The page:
Jan 27

Galapagos – our trip starts to evolve…

by in Galapagos



After leaving behind Peru it was time for the last but one big trip. And we had saved one of the best until now – the Galapagos. Flying to Quito we were quite sad as we knew that our time away was now finite, and it wouldn’t be long until we were headed back to the US and back to normal life. Whatever that is.
So we were determined to make the very best of our last few weeks.

We had arrived  and were quickly transferred to our home for the next 8 days. A beautiful boat called Eric. Part of a trio owned by Ecoventura the trip would include sailing to different islands, nature walks and hikes, snorkelling, swimming and kayaking and our favourite activity of all – eating!


The first day we were welcomed and found our cabin, then set about getting back to shore for a hike around the San Christobel park. We were with the two naturalists on board, not naturists, but naturalists- essentially they are guides that are employed by the National Park of Galapagaos and are assigned to each tourist group. Only a certain number of  permits are issued per year, but this is in reading in a direct response to how many people want to come, so they are trying to keep the islands intact. It is a precarious position, with the short term gain of money from tourists, being pitted against the long term damage that all is tourists will do, as well as stretching the resources even more. Today there are many stop points and checks to try to eliminate contamination between the 140 or so islands, but this is a ever difficult task when even one piece of contaminated fruit could pollute and even destroy some of the endemic species. And of course there is the threat of the wildlife being captured and smuggled out for sale aboard. A couple of years ago a German was stopped with bagfuls of the iguanas that he was hoping to sell. He is now in prison but with the demand for these exotic creatures comes people willing to break the law to capture them and made a quick buck.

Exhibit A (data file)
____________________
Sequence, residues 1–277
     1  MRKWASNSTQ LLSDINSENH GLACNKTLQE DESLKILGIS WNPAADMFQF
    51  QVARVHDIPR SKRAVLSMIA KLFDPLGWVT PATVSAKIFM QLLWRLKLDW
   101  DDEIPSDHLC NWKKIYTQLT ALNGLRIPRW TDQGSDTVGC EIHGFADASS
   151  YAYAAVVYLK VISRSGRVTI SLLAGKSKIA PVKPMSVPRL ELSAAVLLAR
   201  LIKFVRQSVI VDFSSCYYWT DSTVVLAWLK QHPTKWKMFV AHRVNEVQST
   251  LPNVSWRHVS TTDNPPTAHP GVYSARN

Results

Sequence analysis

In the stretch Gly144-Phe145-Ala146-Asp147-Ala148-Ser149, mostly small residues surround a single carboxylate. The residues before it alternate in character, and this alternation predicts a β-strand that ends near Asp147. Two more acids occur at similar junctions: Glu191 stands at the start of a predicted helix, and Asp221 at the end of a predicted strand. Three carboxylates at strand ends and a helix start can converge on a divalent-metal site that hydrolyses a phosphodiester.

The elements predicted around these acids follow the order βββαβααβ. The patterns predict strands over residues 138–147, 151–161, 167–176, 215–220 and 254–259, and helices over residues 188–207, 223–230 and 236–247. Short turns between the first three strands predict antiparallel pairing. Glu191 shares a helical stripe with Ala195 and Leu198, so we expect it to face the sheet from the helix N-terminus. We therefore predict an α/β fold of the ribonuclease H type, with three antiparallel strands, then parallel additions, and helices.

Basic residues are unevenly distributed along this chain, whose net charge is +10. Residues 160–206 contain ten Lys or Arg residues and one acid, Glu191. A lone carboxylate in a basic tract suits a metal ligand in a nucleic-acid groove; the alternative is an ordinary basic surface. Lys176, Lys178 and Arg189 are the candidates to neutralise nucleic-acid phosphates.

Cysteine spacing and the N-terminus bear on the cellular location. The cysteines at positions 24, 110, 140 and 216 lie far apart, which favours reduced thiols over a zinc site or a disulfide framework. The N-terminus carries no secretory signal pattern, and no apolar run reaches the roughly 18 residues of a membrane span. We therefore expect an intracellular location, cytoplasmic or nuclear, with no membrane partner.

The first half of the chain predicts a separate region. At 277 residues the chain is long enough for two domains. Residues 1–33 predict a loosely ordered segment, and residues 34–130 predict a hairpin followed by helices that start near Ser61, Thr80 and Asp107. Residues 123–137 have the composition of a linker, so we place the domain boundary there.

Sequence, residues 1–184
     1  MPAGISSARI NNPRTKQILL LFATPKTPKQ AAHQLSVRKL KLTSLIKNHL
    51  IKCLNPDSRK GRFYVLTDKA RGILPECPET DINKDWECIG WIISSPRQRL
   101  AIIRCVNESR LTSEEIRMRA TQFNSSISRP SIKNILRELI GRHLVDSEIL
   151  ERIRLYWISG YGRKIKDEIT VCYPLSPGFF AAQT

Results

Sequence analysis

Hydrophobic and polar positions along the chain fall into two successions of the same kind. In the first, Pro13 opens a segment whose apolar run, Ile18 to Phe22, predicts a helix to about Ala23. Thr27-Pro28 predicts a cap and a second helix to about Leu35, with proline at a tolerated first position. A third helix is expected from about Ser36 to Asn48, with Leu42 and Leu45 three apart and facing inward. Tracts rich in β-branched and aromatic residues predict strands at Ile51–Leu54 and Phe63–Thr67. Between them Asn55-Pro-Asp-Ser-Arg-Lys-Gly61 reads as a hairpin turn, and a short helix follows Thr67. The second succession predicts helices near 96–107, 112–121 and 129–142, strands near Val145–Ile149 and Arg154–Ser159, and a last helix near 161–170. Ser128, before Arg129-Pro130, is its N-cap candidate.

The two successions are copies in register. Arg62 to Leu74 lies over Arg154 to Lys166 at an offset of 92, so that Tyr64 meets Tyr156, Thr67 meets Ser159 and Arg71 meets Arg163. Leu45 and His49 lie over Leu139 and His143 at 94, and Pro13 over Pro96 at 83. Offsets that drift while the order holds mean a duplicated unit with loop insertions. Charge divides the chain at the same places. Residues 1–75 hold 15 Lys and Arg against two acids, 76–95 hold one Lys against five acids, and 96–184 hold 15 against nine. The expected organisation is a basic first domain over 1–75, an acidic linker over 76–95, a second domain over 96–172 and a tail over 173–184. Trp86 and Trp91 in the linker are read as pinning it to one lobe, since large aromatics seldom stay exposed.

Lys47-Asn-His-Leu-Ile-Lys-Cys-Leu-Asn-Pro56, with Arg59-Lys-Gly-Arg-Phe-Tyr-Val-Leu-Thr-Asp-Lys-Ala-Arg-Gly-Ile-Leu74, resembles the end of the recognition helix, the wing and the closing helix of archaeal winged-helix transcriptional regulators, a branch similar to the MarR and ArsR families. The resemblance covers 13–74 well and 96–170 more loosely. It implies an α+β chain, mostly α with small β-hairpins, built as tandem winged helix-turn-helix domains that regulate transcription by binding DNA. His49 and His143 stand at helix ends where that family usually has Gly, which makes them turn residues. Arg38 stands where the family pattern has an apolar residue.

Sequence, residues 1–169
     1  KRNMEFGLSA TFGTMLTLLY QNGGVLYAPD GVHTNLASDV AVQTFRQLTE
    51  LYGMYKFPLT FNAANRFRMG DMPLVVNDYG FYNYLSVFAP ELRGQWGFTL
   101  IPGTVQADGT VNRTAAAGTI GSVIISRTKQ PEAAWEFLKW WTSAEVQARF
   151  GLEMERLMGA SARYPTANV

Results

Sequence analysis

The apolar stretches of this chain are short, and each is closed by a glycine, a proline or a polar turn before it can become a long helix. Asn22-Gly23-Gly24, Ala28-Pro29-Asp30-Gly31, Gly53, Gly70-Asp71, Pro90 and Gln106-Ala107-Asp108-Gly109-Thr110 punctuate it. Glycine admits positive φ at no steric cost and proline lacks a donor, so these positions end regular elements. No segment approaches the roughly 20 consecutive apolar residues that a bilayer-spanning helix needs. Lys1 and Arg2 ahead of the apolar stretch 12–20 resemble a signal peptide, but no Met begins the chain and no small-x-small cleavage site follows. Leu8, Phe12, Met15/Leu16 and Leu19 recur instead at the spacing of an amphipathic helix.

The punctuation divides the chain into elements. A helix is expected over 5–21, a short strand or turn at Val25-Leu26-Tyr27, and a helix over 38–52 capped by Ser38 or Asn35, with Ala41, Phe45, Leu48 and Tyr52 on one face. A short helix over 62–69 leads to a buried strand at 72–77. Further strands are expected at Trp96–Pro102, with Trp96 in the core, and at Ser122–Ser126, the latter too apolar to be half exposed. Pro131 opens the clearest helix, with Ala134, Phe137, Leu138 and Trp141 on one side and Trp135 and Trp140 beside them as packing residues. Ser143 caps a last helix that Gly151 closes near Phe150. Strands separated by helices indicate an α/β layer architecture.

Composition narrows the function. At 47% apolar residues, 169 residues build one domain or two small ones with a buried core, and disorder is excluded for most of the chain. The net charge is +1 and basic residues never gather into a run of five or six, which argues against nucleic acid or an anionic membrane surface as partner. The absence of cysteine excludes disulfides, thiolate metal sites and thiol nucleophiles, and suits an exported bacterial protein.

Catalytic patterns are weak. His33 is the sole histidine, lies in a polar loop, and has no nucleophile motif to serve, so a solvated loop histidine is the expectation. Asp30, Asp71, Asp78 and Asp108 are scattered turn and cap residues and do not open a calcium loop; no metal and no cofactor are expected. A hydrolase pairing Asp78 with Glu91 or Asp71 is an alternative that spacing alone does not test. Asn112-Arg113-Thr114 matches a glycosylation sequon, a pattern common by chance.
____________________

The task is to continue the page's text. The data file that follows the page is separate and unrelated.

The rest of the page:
Yellow Warbler

Our walk was a couple of kms, along a trail that would take us from the first tortoise we saw Pepe, who at 63 years old was busy resting as he clearly was exhausted. We saw yellow warblers, finches, lava lizards, the cotton plant which has a beautiful yellow flower, and then I managed to amuse Darin while trying to take a photo of the only pollinating bee – the carpenter bee- who managed to fly too fast for me even though he was laden down with his tool belt…

Galapagos Fly Catcher

Down by the water we saw the first booby of the trip – no not a flasher but a blue footed booby. They are just normal looking birds with amazingly bright feet – almost like they have stepped in paint. They were hanging out in the rocks above the water and Darin went for a swim while I watched the boobies.  On the rocks were red crabs that don’t have pincers. I was taking my national geographic photo and almost got washed off the rocks, so beat a hasty retreat. Dang it, we were only on day one and I have been outsmarted by a bee and a crab. What does that make me?
You guessed it – crabbee!!!

Back on the boat we showered and got dressed for dinner. 
No Captains table for us tonight, but delicious food and good wine, and pleasant company .

Cerro Brujo